Growing up, I only saw boxing on HBO. With Mike Tyson the premier fighter, it was usually over fast. Anything that wasn't seems sanitized in low-definition hindsight. That changed the first time I saw a bout fought live. In headgear.
It was in February 1997, inside Goettge Memorial Fieldhouse aboard Camp Lejeune at The Armed Forces Boxing Championships. I was sports editor of The Daily News in Jacksonville, N.C., and when the night's card came through the fax, one of the title bouts featured a Lejeune Marine against a seaman. I figured it was something to go see for myself. I ended up seeing what my boss and I later called The Thing In The Ring.
The fight was over early, decided, as I recall it, when the Marine fired out a set of almost unconscious rapid fire lefts into the sailor's face, stunning him. Then an absolute missile of a right hand obliterated his eye socket and sent a spray of blood onto the press table and my notebook. I circled the droplets while the crowd leaped to its feet, roiling with a positively primal bloodlust. But the mist was so fine, I remember thinking they couldn't have been reacting to its sight, but its smell.
The referee immediately stopped the fight as the Marine crowd roared with triumph. Asking the newly minted all-military champ about that four-punch combination. "Oh, this?" he said, mimicking the three jabs. "The ... Thing?" At the critical moment, both boxer and crowd were in a perfect synchronisation of pure, lizard-brain instinct.
Today's sports conversation may be dominated by the hitting of professional football and the concussions that result, and the relentless violence of mixed martial arts. But boxing is and always has been a brutal sport. Since Duk Koo Kim's notorious death in the ring against Ray Mancini in 1982, which resulted in shortening title fights from 15 to 12 rounds and other reforms, there still have been more than two dozen deaths on U.S. soil attributed to in-the-ring injuries, compared to just two for sanctioned MMA bouts.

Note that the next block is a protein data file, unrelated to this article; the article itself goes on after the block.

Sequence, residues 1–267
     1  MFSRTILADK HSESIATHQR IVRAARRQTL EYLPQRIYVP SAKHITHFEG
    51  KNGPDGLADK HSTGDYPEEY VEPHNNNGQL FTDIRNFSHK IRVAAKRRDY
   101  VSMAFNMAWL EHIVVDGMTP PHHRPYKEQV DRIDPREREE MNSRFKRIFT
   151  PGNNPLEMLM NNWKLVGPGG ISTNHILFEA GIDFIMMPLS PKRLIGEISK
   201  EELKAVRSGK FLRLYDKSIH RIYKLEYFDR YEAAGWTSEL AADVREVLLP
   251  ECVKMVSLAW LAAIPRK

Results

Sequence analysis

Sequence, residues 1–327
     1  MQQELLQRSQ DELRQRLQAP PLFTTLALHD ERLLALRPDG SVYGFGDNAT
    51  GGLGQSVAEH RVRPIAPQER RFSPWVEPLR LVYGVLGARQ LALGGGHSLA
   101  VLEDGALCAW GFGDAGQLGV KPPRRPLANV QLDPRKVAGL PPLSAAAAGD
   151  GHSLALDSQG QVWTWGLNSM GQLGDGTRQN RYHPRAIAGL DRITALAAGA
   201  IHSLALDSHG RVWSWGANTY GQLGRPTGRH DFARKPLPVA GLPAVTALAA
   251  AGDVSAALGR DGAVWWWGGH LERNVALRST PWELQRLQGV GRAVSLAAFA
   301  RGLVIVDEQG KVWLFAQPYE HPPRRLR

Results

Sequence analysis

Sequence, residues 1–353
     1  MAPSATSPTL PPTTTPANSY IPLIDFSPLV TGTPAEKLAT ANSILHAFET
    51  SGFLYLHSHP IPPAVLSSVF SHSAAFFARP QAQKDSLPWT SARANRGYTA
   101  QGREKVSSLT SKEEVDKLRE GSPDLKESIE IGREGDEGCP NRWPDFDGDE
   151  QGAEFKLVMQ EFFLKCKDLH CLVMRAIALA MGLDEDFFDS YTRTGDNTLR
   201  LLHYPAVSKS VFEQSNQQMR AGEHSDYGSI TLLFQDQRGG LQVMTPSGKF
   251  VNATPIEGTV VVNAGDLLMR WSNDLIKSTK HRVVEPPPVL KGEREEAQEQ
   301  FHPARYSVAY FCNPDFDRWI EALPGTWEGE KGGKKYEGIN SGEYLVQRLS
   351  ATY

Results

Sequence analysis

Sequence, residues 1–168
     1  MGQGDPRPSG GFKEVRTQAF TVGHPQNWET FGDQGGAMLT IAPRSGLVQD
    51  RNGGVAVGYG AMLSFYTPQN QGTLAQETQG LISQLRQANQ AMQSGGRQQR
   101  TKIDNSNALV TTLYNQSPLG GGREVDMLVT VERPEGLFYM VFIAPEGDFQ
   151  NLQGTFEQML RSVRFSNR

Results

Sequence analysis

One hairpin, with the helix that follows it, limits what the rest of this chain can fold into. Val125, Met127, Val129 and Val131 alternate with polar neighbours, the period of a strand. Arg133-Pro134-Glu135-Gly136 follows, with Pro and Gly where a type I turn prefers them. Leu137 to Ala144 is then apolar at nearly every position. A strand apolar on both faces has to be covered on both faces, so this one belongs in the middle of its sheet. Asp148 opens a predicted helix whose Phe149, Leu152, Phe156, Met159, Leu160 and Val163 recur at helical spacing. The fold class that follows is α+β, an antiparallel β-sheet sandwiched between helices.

So it hardly surprises me that Fight Night Champion, the fifth iteration of EA Sports' award-winning boxing series, will become the first licensed sports title to be rated M for Mature. The sport has well earned adult treatment, and EA Sports isn't waiting for the scorecard from the ESRB judges. Early screenshots of Champion show Manny Pacquiao with swollen eyes, almost dressed in ribbons of blood. The game's debut trailer tips off the grittier, rawer presentation, and Nate Ahearn's early preview for IGN speaks of a mode with a bare-knuckled prison-yard brawl kicking off a documentary-style tour of your fighter's career.
It is not the first sports game to be rated M. The football game Blitz: The League and its sequel, capitalizing on the fascination with football's seedier aspects, presented a game with graphic injury, illicit sex and steroid use. Though its first offering was critically well received, Blitz: The League wasn't licensed by any team or sports league and none of its on-field personnel were from real life. Fight Night Champion, if the Pacquiao screens are any indication, will feature the regular stable of legends and current stars that we've seen over the previous four versions.